The phraseology of the current amendment is better. It is more practical in its approach and it would enable local authorities in particular, but also other best value authorities, to go into partnership with external authorities or external groups which are not liable to the same laws and audit processes.

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I am looking for some indication that the Minister understands the subtlety of the problem and that the Government have thought of ways, either through guidance or in some other way, of ensuring that this possible conflict does not arise. Alternatively, I should like an assurance that best value authorities acting in good faith in partnership with others cannot be criticised on the grounds that they have not in every detail followed best value codes in what is always a compromise arrangement.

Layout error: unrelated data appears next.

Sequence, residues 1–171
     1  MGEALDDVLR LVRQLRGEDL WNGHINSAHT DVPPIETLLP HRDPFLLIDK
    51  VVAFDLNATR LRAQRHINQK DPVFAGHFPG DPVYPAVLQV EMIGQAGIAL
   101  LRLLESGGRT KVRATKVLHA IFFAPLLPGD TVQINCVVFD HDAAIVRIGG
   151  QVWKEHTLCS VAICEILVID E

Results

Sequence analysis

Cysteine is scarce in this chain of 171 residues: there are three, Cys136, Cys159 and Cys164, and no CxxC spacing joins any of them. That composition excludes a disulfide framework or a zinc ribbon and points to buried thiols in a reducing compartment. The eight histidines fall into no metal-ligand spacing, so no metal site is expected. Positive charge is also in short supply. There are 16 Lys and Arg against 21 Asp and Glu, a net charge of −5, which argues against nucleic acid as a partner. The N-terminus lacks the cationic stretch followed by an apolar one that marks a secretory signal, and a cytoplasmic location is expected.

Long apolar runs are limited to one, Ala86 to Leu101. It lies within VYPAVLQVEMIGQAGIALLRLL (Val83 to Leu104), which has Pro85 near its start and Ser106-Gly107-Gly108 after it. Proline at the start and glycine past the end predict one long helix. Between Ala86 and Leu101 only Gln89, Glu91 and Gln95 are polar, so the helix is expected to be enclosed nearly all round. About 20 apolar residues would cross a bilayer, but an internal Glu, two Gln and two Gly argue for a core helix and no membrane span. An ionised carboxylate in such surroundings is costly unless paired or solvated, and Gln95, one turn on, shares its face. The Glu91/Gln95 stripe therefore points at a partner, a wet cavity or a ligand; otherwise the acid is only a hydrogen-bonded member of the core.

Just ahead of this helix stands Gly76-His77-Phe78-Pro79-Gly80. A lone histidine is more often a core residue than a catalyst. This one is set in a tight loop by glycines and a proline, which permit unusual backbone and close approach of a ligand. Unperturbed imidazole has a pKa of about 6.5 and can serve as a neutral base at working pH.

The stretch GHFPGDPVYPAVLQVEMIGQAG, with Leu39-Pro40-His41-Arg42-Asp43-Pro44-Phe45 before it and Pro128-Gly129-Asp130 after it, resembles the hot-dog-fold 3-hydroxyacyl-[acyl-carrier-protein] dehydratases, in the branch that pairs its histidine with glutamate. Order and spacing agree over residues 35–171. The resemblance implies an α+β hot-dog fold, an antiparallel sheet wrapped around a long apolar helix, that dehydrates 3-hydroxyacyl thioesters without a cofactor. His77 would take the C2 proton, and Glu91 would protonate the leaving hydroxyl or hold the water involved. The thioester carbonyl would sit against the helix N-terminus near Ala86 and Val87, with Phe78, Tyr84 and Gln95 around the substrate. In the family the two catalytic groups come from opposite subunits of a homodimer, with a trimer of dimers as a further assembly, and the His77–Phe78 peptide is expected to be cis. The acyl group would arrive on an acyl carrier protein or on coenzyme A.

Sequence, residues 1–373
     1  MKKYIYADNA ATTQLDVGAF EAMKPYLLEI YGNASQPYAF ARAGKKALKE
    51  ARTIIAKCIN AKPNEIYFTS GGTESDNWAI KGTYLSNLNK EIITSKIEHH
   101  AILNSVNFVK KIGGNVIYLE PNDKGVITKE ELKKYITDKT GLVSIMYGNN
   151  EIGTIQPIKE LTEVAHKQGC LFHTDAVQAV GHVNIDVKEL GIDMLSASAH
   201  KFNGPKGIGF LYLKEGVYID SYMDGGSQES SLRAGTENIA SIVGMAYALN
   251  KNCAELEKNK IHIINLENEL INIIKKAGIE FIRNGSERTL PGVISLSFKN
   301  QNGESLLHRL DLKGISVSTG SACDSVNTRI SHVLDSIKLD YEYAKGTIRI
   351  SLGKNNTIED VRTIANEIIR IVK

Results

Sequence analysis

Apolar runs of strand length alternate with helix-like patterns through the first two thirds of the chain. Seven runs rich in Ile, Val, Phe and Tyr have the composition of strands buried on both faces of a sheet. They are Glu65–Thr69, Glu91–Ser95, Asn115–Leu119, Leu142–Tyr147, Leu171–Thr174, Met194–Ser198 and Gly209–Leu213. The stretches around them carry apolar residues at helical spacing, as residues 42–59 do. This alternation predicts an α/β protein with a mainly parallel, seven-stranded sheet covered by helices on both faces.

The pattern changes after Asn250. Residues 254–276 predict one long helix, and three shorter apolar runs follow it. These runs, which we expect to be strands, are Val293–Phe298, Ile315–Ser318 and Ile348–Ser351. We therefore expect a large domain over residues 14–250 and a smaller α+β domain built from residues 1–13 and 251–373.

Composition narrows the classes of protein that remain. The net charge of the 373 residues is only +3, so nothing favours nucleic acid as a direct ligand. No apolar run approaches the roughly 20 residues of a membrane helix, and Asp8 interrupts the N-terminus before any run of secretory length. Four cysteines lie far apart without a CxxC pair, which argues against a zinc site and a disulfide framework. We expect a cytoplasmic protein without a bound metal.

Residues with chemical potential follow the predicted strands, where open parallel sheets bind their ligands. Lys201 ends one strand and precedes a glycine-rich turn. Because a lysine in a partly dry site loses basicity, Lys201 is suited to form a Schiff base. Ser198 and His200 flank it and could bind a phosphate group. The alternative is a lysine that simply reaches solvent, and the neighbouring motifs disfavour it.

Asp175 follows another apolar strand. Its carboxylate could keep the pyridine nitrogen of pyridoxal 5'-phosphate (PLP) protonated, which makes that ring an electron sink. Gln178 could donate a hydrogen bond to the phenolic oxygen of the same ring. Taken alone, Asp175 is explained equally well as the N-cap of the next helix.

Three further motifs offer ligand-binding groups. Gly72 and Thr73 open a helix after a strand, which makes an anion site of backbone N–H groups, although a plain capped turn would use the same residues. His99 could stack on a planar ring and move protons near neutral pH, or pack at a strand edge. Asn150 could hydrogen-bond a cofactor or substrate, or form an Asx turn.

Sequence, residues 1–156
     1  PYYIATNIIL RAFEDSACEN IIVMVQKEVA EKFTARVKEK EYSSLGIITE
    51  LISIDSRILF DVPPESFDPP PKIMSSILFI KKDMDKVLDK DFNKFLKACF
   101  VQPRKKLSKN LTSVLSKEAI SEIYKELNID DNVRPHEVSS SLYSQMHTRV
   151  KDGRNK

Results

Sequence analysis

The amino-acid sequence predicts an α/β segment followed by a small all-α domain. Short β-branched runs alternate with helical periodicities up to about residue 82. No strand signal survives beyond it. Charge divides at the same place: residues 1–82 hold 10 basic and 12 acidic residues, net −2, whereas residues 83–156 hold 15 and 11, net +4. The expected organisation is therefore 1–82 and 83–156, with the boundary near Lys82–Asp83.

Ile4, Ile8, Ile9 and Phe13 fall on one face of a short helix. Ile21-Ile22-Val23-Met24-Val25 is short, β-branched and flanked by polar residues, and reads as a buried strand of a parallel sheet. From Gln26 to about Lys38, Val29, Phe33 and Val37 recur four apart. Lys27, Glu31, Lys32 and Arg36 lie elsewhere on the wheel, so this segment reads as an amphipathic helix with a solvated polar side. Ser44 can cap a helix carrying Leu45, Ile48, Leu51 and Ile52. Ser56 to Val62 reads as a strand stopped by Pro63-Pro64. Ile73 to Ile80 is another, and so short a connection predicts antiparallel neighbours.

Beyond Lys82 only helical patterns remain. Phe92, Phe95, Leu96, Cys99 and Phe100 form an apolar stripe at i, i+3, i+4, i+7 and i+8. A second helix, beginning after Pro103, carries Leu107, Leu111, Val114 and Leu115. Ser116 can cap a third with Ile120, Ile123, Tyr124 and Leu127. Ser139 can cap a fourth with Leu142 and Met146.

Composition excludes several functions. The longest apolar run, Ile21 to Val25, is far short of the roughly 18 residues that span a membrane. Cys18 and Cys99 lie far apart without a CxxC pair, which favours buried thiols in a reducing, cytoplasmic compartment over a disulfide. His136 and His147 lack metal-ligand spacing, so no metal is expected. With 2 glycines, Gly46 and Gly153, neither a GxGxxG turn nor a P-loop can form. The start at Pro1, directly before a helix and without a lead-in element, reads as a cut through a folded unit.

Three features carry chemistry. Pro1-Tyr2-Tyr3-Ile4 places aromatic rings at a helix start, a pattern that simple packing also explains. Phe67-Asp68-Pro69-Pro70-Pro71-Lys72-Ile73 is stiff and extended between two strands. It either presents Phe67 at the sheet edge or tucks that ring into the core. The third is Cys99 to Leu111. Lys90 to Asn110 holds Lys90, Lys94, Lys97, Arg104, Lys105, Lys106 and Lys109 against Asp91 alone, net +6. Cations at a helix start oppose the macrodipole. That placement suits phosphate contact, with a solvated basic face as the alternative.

Baroness Farrington of Ribbleton: My Lords, the noble Baroness, Lady Hamwee, will not be surprised to learn that we are not attracted to Amendment No. 5. However, I am grateful to her for identifying some very important practical issues. The Government have consistently said that the duty of best value will be all-embracing. It will apply to all of the functions which best value authorities carry out.

Perhaps I may now correct what may have been a misunderstanding on my part as regards a point made by the noble Baroness, Lady Miller. Best value applies to all authorities and not just the worst, as I understood the noble Baroness to say. There were pilots from 1997, but the duty of best value is not merely for the worst authorities. It will apply to all of the functions which best value authorities carry out. Nevertheless, I appreciate that the noble Baroness may wish to probe further about how the duty of best value will apply in situations in which only one of the partners is subject to the formal duty of best value in delivering the function.